It can seem daunting, maybe even overwhelming.
Figuring out where to begin with pricing can keep you stuck, struggling, and broke. If you let it.
You see, everything in life and business is a choice.
And, at this very moment, you’re either making a choice to be stuck or a choice to begin.
Since you’re here reading this, I’m guessing you’re an action taker (my favorite kind of client) and are ready to figure out how to best price your services.
Pricing Your Services
Start by writing down what your ideal client gets as a result of their work with you.
Do they gain confidence? Finally lose those last 10 pounds? Attract more clients into their business? Bring in more income? Save time? Land a dream job? Strengthen an important relationship? Avoid frustration and wasted energy?
If you get stuck after you write down one or two things, challenge yourself to go deeper. Stop at no less than 10 potential outcomes or benefits that a client achieves as a result of working with you.
What’s the dollar value of that transformation? I know, it’s hard to put an exact dollar amount on it but give it your best guess.
On your paper, write: “Value of Transformation: $…….”
Now I want you to look at something else.
What expertise are you bringing to the table? For example, how much did your MBA cost? How many years of corporate experience do you have in that area? What skill sets did you use in a previous job (follow through, tenacity, problem solving, listening, technical thinking) that apply to the work you are doing with your clients, even if indirectly?
What experiences do you have that allow you say, “Yep. Been there, done that and I can help you move through the tough part with grace and ease”?
For example, I’d list my MBA in Marketing, my $10,000’s invested in working with some of the big name marketing guru’s, the value of the blood, sweat and tears that I went through as I built my multiple six figure coaching business. I’d also include the value of the experience that I’ve gained through helping my clients do the same..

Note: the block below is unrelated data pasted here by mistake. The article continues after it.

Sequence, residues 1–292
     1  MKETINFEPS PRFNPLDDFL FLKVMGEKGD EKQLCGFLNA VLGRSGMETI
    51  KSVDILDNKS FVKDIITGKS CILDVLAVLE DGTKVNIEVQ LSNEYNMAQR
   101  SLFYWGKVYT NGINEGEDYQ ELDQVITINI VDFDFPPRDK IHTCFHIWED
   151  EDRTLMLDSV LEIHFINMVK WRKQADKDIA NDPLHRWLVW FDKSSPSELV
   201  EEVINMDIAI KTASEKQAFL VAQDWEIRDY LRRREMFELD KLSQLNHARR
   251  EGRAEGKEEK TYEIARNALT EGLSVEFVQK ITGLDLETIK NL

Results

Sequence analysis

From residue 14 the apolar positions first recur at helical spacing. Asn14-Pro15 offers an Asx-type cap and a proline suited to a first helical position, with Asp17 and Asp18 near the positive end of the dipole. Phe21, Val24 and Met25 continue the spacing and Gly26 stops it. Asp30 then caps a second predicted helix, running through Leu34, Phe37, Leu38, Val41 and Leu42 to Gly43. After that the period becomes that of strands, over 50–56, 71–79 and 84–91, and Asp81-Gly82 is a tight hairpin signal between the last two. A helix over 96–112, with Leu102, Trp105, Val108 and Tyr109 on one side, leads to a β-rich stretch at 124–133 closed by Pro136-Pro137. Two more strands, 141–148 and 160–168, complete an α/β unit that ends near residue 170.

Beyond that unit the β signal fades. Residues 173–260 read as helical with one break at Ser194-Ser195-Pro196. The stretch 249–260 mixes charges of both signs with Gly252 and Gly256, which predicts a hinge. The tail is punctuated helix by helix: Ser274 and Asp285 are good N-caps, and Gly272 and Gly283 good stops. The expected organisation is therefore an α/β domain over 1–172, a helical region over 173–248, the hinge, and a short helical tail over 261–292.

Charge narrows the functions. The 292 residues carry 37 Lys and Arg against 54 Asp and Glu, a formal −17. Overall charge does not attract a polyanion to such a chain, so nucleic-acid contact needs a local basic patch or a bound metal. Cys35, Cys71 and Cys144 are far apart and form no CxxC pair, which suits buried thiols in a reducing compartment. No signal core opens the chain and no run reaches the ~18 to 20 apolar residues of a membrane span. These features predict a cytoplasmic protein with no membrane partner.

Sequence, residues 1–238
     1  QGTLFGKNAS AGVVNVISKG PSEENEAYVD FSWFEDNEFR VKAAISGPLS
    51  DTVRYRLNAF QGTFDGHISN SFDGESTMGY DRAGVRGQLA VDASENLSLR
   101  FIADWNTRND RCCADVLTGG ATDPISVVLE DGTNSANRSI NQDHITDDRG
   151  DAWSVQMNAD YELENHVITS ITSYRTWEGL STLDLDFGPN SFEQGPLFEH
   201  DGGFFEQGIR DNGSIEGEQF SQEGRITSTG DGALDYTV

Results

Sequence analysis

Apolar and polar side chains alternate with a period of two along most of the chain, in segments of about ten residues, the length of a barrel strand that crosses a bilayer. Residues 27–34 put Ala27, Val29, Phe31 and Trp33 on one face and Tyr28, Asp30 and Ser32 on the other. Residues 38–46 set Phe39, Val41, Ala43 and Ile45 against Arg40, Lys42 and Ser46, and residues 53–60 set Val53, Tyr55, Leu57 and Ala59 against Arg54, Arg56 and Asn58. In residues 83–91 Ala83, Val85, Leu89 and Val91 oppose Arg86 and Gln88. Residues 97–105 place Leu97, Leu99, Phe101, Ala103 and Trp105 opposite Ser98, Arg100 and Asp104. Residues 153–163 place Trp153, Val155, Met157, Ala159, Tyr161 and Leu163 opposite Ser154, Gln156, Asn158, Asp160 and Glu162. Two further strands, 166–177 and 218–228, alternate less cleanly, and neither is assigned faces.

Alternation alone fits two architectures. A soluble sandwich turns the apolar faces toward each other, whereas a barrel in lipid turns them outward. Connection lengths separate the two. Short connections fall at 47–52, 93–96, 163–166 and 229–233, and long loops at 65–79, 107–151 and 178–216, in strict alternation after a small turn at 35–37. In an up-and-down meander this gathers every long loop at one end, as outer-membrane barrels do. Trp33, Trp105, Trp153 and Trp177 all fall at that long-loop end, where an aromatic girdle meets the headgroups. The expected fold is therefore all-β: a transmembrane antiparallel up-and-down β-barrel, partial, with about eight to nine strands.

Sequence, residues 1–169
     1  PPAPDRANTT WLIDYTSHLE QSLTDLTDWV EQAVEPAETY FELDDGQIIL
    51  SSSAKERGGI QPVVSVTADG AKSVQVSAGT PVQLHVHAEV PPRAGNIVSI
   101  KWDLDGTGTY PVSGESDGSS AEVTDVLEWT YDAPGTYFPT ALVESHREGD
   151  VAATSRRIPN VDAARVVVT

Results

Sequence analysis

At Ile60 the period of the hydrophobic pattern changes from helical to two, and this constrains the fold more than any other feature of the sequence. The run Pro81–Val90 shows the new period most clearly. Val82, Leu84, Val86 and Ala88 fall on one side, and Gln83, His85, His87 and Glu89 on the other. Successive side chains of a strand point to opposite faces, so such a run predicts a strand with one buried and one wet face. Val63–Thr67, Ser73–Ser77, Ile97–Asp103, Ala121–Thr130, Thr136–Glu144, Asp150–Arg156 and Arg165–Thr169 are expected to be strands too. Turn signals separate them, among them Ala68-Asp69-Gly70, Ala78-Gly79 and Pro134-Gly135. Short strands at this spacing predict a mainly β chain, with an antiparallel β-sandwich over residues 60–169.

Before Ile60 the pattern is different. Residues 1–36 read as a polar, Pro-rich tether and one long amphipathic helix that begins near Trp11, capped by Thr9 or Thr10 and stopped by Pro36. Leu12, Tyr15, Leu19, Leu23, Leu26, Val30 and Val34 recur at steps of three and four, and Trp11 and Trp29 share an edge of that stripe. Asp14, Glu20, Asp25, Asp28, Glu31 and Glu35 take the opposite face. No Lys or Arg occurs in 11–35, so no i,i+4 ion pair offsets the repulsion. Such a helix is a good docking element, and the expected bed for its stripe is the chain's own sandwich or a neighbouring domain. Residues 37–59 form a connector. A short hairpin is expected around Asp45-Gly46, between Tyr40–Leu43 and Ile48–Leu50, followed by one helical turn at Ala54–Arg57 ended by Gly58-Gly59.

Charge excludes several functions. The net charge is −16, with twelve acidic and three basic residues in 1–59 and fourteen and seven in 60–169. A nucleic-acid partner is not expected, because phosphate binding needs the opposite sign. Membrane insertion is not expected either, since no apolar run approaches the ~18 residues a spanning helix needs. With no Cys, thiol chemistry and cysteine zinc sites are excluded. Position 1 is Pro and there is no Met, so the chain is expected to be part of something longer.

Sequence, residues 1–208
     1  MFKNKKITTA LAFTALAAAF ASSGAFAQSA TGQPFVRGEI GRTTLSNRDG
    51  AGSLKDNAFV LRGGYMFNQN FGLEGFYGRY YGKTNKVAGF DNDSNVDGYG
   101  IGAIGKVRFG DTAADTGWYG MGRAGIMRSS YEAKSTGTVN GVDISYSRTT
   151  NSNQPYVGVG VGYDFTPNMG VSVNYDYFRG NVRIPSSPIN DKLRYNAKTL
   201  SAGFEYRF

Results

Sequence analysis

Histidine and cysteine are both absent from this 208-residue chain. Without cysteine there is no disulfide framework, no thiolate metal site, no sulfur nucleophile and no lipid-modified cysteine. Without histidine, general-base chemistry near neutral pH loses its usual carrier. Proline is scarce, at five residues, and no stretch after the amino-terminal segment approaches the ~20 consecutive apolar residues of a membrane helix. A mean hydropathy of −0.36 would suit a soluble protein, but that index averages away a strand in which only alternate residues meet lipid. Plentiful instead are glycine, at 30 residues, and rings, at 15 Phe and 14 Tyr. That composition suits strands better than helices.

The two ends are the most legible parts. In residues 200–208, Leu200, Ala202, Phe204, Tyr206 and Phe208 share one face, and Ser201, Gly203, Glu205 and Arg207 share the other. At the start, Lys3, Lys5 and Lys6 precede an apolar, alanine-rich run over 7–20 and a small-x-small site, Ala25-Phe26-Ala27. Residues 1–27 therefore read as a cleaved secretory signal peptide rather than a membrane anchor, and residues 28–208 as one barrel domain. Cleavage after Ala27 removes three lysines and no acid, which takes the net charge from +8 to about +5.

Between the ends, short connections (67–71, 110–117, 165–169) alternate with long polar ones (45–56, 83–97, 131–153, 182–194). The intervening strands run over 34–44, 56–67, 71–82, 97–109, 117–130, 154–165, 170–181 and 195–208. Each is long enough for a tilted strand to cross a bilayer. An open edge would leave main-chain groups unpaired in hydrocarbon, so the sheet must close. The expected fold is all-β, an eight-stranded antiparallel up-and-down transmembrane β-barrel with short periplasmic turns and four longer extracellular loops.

Please write down, “Value of Expertise and Training: $….”
Now consider how long it would take someone to try to figure it out all on their own. What would it cost them in terms of time and money to go the DIY route?
(Now, this is a writing intensive post, I know. It’s worth it so please hang tight.)
Grab another piece of paper and list all of your business expenses.
Consider your computer, website, your assistant, your coach, your bookkeeper, your email management software, filing your taxes, your PO Box, your health insurance, your monthly contribution to retirement, your pay (you are paying yourself at least a little bit, right?), the continuing education events and networking groups that you value being a part of.
Write this down next, “Average Monthly Business Costs: $….”
(Hint: If you aren’t paying yourself even a small salary, then now is your time to start. Even if it’s just $500, let’s get on it. For this exercise, include the amount of monthly income you’d like to see flow through your business so you can contribute to your household in a meaningful way.)